MGA’s Dr. Scott Hinze Chosen As Governor’s Teaching Fellow

Author: Sheron Smith
Posted: Wednesday, May 22, 2024 12:00 AM
Categories: Pressroom | Faculty/Staff | School of Education and Behavioral Sciences | Honors/Awards

Athens, GA


ATHENS – Middle Georgia State University faculty member Dr. Scott Hinze has been chosen to be a 2024 Governor’s Teaching Fellow. An associate professor of psychology. Hinze was among the faculty chosen for the highly competitive program from institutions across the state.

Established in 1995 by Zell Miller, then governor of Georgia, the Governor's Teaching Fellows program is designed to provide Georgia's higher education faculty with expanded opportunities for developing important teaching skills.  Miller envisioned that this program would address faculty members' pressing need to use emerging technologies and instructional tools that are becoming increasingly important for learning in today's society.

The Governor’s Teaching Fellows program is an outreach of the Louise McBee Institute of Higher Education at the University of Georgia. To improve the quality of instruction in Georgia's colleges and universities, the Governor's Teaching Fellows program assumes the complex challenge of moving college faculty members to the leading edge of instructional practice. This effort to enhance instruction in public and private higher education statewide is very much in keeping with the University of Georgia's traditional mission as a land-grant institution committed to diversified outreach and public service.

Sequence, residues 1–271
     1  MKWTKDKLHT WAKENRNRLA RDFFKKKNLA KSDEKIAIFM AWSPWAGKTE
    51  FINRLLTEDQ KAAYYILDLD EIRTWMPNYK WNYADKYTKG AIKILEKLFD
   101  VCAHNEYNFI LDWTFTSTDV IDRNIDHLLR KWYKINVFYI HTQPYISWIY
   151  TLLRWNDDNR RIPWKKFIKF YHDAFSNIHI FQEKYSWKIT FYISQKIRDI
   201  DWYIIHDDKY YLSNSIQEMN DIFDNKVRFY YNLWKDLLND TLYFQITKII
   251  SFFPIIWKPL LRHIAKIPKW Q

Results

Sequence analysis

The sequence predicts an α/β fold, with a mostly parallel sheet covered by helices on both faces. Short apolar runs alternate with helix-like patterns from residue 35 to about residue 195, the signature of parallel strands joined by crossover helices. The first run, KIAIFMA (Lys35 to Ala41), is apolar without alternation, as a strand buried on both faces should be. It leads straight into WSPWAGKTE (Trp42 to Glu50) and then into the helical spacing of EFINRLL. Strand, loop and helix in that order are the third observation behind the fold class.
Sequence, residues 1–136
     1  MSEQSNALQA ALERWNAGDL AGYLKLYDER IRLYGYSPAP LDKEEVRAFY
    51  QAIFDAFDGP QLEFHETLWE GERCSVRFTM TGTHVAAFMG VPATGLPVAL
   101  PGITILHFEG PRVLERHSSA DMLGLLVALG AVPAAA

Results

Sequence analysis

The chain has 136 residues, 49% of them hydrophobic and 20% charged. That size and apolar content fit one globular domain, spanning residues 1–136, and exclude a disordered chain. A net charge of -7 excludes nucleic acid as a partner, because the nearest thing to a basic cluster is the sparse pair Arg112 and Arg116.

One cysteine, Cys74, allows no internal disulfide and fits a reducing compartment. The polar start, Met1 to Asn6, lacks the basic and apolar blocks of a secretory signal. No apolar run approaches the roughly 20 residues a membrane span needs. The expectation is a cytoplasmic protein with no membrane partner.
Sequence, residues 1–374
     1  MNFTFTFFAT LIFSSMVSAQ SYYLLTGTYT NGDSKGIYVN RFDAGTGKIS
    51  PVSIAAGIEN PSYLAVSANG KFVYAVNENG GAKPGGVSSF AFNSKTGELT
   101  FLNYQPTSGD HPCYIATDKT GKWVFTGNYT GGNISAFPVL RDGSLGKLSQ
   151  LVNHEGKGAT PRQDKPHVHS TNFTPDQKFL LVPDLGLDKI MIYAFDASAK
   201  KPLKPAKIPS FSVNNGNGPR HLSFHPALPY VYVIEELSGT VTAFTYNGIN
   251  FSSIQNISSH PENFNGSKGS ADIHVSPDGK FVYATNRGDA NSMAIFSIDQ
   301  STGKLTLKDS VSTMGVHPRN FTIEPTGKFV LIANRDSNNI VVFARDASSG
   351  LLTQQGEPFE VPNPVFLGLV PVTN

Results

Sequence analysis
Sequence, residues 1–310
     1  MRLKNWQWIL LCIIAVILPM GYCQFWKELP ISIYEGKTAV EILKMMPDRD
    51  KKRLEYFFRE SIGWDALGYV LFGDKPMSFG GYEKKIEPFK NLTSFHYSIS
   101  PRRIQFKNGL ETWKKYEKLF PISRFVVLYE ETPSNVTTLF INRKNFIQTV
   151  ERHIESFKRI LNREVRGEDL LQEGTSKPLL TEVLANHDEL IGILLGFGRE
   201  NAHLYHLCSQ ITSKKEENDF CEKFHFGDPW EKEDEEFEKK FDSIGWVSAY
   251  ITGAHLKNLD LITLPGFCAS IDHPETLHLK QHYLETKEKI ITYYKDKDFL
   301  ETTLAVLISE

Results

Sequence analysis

More than 80 different disciplines, professions, and teaching areas have been represented by over 600 fellows from more than 70 public and private institutions statewide. 

Hinze is a cognitive psychologist with interests in memory and comprehension. His research focuses on how we apply principles of memory and comprehension to learning complex information.

He received his master’s degree and Ph.D from the University of Illinois at Chicago. Prior to joining the MGA faculty in 2018, he worked as a post-doctoral scholar at Northwestern University and as an assistant professor of psychology at Virginia Wesleyan University. He was MGA’s 2024 nominee for the Regents’ Scholarship of Teaching and Learning award.